Setting up pfSense

We’re using IPsec, so let’s head to VPN -> IPsec first and click the [+] icon on the bottom right to add a new phase 1 entry.

Fill the form in accordance to what you see on the following screenshot:

Screenshot of pfSense configuration phase 1 entry

Obviously, replace your-fritz.dyndns.org with the permanent hostname assigned to your FRITZ!Box as well as your-pfsense.dyndns.org with the one on your pfSense box. The Pre-Shared Key should be a long random string. Don’t worry, you won’t have to remember it. You’ll just save that in the FRITZ!Box later and then you can forget about it.

Next up, we need a phase 2 entry. For that, click the [+] icon next to a label that says Show 0 Phase-2 entries and fill the form like below:

Screenshot of pfSense configuration phase 2 entry

Here, you just need to make sure that you replace 192.168.178.0 with the actual subnet your FRITZ!Box uses. Again, if you’ve sticked with the default when setting up the box, this setting should be right for you.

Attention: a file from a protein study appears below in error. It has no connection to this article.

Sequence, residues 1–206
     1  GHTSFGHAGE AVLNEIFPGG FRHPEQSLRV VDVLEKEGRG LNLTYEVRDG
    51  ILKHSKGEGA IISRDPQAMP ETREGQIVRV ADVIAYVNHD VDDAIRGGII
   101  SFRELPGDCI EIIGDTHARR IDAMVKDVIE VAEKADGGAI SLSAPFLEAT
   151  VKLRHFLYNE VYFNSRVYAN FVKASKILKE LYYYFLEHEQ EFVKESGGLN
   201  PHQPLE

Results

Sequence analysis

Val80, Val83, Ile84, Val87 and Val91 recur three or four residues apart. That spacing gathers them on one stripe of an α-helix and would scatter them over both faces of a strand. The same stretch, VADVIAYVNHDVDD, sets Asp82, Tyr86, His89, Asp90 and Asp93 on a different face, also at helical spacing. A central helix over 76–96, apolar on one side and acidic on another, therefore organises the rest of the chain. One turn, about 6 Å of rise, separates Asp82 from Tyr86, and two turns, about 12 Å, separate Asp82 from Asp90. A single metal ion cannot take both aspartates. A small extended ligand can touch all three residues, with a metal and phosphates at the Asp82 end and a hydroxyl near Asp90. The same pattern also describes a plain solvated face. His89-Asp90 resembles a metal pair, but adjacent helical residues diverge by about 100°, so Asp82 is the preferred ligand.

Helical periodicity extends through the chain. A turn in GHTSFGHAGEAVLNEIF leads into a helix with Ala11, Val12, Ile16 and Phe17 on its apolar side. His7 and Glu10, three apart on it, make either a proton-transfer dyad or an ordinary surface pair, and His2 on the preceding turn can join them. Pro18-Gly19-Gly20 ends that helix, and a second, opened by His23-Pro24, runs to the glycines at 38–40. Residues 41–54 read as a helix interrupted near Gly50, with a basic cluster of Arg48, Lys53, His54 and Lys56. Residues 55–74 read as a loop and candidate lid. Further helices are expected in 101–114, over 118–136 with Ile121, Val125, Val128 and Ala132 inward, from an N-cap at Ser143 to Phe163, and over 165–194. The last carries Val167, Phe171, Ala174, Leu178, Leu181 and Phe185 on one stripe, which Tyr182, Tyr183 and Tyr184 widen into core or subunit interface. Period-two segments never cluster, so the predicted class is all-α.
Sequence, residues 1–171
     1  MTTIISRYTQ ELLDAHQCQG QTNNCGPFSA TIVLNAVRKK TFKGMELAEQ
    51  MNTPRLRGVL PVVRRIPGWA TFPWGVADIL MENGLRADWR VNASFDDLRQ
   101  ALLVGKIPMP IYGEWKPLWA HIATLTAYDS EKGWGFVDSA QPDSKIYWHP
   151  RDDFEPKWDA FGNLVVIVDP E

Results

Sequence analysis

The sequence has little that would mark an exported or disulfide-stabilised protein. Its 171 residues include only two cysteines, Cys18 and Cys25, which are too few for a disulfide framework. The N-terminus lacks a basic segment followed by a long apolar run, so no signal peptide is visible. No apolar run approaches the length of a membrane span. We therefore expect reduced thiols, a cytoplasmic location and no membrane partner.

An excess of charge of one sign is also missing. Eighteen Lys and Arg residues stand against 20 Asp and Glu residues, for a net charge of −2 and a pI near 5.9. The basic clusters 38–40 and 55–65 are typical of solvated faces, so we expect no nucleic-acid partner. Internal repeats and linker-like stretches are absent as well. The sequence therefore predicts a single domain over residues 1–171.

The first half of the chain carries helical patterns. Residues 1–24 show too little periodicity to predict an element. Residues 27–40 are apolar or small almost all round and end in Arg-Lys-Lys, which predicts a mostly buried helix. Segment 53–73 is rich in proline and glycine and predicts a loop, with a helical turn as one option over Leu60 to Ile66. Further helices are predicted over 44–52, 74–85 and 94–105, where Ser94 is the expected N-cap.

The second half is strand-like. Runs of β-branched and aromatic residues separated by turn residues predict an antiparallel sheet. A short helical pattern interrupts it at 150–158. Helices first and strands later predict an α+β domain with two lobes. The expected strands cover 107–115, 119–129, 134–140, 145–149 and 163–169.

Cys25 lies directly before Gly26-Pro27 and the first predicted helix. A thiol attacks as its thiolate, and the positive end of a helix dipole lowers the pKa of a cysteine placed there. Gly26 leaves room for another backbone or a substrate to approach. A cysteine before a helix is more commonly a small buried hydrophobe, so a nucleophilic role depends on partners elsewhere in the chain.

That should be it for the pfSense. After saving it’ll probably ask you to apply or reload the configuration. This is safe to do now.

Setting up the FRITZ!Box

Now, let’s finish this by configuring a VPN entry in your FRITZ!Box. From my perspective, this part is much easier, because I’m just pasting code instead of fiddling with screenshots – yay!

Fire up your favorite text editor and paste the following code:

Make the necessary modifications according to the comments in the file. Then, open the FRITZ!Box configuration interface in your browser and head to Internet -> Freigaben -> VPN, use the browse button to select the file you just created and click on VPN-Einstellungen importieren.